King of Crabs
New Orleans chef John Besh dishes up the ultimate seafood-gumbo recipe.
IN THE PREDAWN STEAM of a Louisiana night, I stood in a yard surrounded by catfish heads. The headlights of dualies towing fiberglass crabbing boats swept into the yard and illuminated wooden pallets stacked six feet high, holding tens of thousands of fish heads: eyes, whiskers, stringy stuff coming out the back. Men in baseball caps stepped out of the trucks, loaded pallets into their boats, and pulled away.
It was 4:30 A.M., and I was in the yard of Vincent Comardelle, 67, who supplies bait to the crabbers in Larose, a small Cajun town abutting Bayou Lafourche (pronounced la-foosh), a 109-mile, shellfish-heavy waterway that peels off from the Mississippi River above New Orleans and winds through the marshes of southern Louisiana to the Gulf of Mexico. I was waiting to meet Ryan Comardelle, Vincent’s son and one of the top crabbers in the area, who had promised to take me out on the marshes. Finally, a white pickup pulled up. Ryan stepped out and peered at me. He was wearing a tight red T-shirt over a massive chest and Popeye biceps. Buzz cut, goatee, merciless blue eyes.
“You bring any food?” he asked. I hadn’t. He shot me an unimpressed look. “We gonna be out there all day,” he said. “I don’t like to share my food.”
Vincent shambled into the house—he has a limp from an old boating accident that ended with an outboard propeller buried in his back—and returned with a package of peanut butter crackers. We launched Ryan’s boat from a nearby dock and motored through a series of shallow, brackish marshes—crab heaven—until we reached Little Lake, which is no longer little, thanks to erosion and land subsidence. Southern Louisiana is sinking, and every year the salty Gulf of Mexico covers more of it, killing the grasses and trees that hold the land together. This is a problem for native shellfish, which rely on a delicate, finely tuned balance of fresh inland water and salty tidal flow.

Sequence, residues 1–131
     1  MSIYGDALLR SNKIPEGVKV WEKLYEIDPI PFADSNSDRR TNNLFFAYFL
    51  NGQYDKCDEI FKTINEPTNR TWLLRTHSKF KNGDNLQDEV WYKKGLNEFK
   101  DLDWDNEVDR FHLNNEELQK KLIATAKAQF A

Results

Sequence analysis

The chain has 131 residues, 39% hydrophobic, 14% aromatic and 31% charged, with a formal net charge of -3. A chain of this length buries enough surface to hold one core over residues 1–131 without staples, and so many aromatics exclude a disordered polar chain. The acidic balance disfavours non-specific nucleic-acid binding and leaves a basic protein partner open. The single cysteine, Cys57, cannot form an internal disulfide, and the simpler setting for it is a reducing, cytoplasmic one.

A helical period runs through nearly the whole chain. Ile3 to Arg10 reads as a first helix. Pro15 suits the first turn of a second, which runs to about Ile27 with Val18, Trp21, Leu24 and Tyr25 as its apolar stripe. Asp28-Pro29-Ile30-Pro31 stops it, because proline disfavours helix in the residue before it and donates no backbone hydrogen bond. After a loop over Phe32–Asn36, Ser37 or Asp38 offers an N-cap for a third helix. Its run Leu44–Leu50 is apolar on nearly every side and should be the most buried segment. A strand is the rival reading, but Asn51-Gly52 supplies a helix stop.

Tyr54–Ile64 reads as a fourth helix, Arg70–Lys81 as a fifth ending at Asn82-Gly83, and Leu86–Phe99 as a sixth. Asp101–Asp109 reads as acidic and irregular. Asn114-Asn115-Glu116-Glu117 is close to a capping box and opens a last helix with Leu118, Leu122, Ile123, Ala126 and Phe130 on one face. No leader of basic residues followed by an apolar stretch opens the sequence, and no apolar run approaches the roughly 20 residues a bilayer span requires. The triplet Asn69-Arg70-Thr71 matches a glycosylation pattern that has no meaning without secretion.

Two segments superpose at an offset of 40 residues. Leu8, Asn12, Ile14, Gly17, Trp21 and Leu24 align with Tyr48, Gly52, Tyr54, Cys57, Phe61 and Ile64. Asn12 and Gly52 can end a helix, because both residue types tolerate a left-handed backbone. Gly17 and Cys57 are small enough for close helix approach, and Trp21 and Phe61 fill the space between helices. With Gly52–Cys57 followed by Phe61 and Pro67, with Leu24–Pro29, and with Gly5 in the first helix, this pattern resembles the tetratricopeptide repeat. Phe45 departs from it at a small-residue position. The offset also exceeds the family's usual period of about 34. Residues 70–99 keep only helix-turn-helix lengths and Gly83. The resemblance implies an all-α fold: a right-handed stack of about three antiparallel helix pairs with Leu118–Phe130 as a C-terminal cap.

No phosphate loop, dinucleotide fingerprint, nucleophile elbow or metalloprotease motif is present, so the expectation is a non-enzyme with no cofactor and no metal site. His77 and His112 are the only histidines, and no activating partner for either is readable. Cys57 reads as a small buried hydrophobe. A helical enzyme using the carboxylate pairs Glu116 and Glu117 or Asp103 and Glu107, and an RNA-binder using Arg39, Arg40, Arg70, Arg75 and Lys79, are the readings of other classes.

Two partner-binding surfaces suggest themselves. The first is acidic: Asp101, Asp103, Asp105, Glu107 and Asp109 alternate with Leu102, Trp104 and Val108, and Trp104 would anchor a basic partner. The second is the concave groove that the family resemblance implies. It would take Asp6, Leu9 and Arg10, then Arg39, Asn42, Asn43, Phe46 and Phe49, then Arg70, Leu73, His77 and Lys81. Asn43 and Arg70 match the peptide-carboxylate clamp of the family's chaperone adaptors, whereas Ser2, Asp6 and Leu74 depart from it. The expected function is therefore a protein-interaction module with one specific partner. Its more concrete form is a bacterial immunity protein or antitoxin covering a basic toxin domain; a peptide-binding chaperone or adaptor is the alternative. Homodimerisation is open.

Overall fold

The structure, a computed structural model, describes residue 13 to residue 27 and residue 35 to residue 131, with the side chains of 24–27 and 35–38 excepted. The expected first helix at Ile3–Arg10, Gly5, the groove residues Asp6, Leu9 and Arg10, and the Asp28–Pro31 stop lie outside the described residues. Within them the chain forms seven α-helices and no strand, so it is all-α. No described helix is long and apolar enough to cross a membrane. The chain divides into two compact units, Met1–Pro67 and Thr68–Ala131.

A full moon hung in the west, silhouetting the rocket-ship spires of gas rigs and the bones of dead oak trees, killed by encroaching water. Ryan, who has crabbed for most of his 40 years, steered while his friend Reggie, an athletic guy sporting a Bud Light cap and a bewildered expression, handled the traps. Reggie was a little off, which Ryan kept pointing out.
“He ain’t exactly stupid,” Ryan said. “He just got no sense.”
“Oh yeah?” Reggie said.